With a third of the season "in the can," and USC sporting a 3-1 record, it is time to take a look at those various Trojans who have done well and those who have not.
Few Trojan fans anticipated a loss this early, and frankly, overall, the record that USC has accumulated has been less than hoped for.
Of course, there are reasons for the struggles that the men of Troy have encountered, and this slideshow will look at why USC has fallen out of a top-10 ranking.
But we will also look at those Trojans who have excelled as well, and both the winners and the losers are represented by a coach, a unit and a player.
The good news for those who made the "L" bracket is that there is plenty of time to right the ship.
For those already doing well, hey, keep it up.
Now, let's get started, beginning with the losers so far in 2012.
As a unit, there is little in the way of surprise that the offensive line would fall into the loser category so far in 2012.
After all, this is a group of guys whose inconsistency has led to the entire offense struggling.
What is a surprise, though, is the fact that the "big uglies" were considered a strength going into this season.
With four starters returning from 2011, O-line coach Jim Cregg's charges were expected to pick right up where they left off last year when they led the nation in fewest sacks allowed and opened up gaping holes for tailback Curtis McNeal to run through.
Of course, there are reasons why there has been a drop-off and two that come to mind are the loss of left tackle Matt Kalil to graduation and the injury to center Khaled Holmes, which forced him to miss the loss to Stanford.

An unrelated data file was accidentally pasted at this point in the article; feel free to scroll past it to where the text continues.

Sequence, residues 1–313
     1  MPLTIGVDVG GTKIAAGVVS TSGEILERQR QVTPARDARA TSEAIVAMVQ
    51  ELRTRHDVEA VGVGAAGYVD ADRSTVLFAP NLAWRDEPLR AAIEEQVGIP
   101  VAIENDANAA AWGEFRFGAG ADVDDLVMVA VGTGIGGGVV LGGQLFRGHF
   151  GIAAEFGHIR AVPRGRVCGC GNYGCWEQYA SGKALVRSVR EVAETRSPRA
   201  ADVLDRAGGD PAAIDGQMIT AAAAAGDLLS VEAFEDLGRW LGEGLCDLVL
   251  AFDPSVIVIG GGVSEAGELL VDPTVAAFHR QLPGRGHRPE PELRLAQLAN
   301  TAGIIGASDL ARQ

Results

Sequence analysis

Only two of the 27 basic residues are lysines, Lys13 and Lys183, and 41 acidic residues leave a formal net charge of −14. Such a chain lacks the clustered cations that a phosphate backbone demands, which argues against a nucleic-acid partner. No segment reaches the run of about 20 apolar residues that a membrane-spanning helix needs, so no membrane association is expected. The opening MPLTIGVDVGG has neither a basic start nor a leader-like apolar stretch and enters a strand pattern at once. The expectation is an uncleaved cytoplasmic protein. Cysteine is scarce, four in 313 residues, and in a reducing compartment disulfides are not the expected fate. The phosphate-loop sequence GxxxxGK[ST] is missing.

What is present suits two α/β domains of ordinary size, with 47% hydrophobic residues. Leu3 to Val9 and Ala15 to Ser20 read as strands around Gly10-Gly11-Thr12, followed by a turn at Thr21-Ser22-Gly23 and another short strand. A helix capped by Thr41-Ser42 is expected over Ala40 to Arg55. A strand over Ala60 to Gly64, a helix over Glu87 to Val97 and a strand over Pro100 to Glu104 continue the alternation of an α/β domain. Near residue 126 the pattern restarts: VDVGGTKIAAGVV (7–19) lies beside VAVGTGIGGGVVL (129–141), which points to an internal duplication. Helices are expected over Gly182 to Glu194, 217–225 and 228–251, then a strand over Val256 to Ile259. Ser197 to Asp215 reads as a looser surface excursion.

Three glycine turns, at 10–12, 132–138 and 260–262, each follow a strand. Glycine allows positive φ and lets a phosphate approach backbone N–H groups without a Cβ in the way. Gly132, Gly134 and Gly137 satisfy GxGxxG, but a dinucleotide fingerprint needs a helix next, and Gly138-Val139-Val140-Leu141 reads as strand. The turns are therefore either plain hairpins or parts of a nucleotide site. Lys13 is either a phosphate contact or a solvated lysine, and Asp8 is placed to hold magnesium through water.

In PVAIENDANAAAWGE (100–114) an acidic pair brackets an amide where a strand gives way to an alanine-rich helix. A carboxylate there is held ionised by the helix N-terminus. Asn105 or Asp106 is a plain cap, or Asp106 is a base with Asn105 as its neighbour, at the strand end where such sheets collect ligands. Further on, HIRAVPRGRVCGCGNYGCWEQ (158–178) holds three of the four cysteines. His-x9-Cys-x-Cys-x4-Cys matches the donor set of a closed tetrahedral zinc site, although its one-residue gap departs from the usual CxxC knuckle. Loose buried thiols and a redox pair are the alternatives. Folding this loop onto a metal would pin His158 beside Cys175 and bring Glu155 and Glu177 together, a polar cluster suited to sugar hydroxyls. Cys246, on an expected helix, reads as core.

And while Kalil isn't walking through the Coliseum tunnel anytime soon, Holmes should be better by the Utah game.
Which is good because this group needs to find their way quickly for the Trojans to get to where they want to go by the end of the season.
OK, before I get any hateful comments, please understand that Matt Barkley is one of, if not my favorite all-time Trojan.
Having said that, at this point of this season, he has not delivered the performance most expected of a guy many had tabbed winning the Heisman Trophy.
Of course, it is not all his fault.
As stated in the prior slide, a woeful performance from his offensive line has left Barkley with less time to throw downfield and an inconsistent running game (for the most part) has left opposing defenses with the luxury of keying on the pass.
Also, not to be discounted is that the offensive game-planning has been suspect as well.
Barkley is too good to continue what has been thus far a very uneven season.
Look for that to change coming out of the bye week.
A lot was made of the returning talent the Trojans had coming back in 2012, especially on offense, and rightfully so.
With Heisman front-runner Matt Barkley, not one but two 1,000+ yard receivers in Marqise Lee and Robert Woods, along with a pair of 1,000-yard rushers in the form of Silas Redd and Curtis McNeal, it is was easy to see that USC was bound to be formidable this year.
Or so we thought.
Instead, the Trojans have struggled in 2012 on offense and they have yet to turn in a complete game where the passing and running portions on that side of the ball have clicked.
To be fair, as illustrated earlier, the offensive line's lack of effectiveness has played a part in the lack of production, but as the "boy genius" of the offense, Lane Kiffin must also accept his part of the blame.